One good thing that’s happened while I’ve been off is that East Renfrewshire Council have resurfaced about a mile of the uphill section of the Ayr Road from the Esso station to Mearns Cross, and in doing so have built a wee parking bay for about half a dozen motors opposite the shops. That bit of the road has always been a Russian Roulette job for cyclists because despite the road having a dedicated cycle lane and being a no parking zone in the rush hour, people always park in the cycle lane and force cyclists to take their chance out in the main carriageway. Well as part of the resurfacing programme, they’ve extended the bike lane by around two feet which squeezes the traffic even more. I bet the motorists feel good about that eh, bikes having almost as much room as them? Well on Tuesday, when I got to that new bit of road , there were a load of motors in the new parking bay, one space available and… wait for it, a white van double parked, completely blocking the cycle lane and leaving the bikes no options but to risk it in the fast stuff. What an arse.

I would be doing one person a big disservice if I said that the week has been all doom and gloom. The token piece of good news came from Wullie Broon at The Celtic Network. I know it’s going over old ground, but people get onboard the LifeCycle bus all the time so it’s worth re-iterating that The Celtic Network (TCN) is a very committed supporter of LifeCycleForNeuroblastoma. TCN is a website, an umbrella website of many independent Celtic websites, and LifeCycle is one of its five promoted good causes. In around six weeks time, TCN will be releasing a download charity album and each of the good causes will benefit through the generosity of the initiative. Eight bands have signed up thus far, and one of them, as far as the LifeCycle project is concerned, looks like being pretty damned special. All will be revealed in due course….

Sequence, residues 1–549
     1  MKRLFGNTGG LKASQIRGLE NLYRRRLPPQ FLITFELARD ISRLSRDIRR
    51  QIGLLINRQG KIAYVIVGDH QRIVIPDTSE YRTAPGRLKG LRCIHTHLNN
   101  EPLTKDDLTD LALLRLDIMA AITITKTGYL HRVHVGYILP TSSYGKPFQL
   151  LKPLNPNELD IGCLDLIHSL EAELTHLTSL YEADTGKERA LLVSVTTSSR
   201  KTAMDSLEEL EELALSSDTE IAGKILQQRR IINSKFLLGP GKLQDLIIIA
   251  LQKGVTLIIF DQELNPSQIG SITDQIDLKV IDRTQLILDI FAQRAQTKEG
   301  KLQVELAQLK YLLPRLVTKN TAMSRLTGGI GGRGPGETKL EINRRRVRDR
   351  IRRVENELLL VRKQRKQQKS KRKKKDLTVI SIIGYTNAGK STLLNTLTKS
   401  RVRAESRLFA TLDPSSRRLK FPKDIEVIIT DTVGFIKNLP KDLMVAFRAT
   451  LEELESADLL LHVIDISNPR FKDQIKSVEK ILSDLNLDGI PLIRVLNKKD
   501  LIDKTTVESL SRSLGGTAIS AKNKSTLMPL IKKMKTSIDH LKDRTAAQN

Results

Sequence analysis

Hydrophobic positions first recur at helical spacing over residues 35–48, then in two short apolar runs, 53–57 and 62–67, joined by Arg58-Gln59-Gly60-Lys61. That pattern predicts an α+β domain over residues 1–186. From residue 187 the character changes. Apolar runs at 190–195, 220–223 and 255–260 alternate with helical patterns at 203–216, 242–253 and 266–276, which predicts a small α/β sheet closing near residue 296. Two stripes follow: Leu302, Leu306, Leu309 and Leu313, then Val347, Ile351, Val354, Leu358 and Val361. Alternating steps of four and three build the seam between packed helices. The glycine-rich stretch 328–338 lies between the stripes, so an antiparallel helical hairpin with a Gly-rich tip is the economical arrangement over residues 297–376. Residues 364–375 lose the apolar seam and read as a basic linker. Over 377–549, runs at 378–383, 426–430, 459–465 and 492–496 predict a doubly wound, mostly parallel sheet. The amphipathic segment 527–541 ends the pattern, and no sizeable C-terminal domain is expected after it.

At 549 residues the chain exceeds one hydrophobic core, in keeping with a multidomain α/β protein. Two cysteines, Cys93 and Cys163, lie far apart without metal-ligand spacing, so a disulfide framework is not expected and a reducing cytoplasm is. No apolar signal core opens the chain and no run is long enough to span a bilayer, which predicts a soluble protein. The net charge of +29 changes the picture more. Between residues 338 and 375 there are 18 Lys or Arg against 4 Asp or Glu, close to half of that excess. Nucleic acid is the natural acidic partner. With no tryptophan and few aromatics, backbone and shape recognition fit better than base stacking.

LifeCycleForNeuroblastoma’ sporting hero is Anna Meares for all the charity work she does in Australia for kids with cancer. Well last week, it was the World Track Championships in Paris and Anna was entered in four events, needing just one gold medal to become the most successful female track cyclist of all time. Sliver and Bronze medals on days one and two took her overall medal tally down the years to 25 and I have to admit I was concerned that as the days went by, race fatigue would kick in and rob her of the elusive 11th gold. I shouldn’t have worried. In the Keirin late on Sunday night, Anna led from the front once the pace bike pulled off the track and she literally blew the rest of the field away. Age, experience and endurance… I know she was ecstatic: I was proud for her. And there may be more to come yet as I know Anna is taking her career to the limit: she’s defending her individual sprint gold at Rio in 2016.  Hey, at this rate, I’ll probably still be riding the LifeCycle bike when the Olympics are on…

And finally for this week, it’s almost time to start looking forward to my birthday. 62 and counting. Three years to go till I can park the 9 to 5 work ethic for a life of leisure and rolling country lanes. Two years ago, I got a bike for my birthday. That was the folding mountain bike, without which none of this would ever have happened. Then last year, because I’d worn out my original mountain bike, having swapped over from the folder for the winter, I got another new bike: the tourer than has done me proud these last seven thousand miles. But for this birthday, I’m going slightly more upmarket: I’m getting another new bike, this time a proper lightweight road bike. I haven’t had one of those to play on for years, ever since I gave up my old Flying Scot. I’m planning on going to see Neil up at Fast Rider Cycles in the next few days to nail down the spec and the sizing. I guess the problem right now however, is that when St Patrick comes around with my presents, I probably won’t be well enough to ride it.

Patience is a virtue…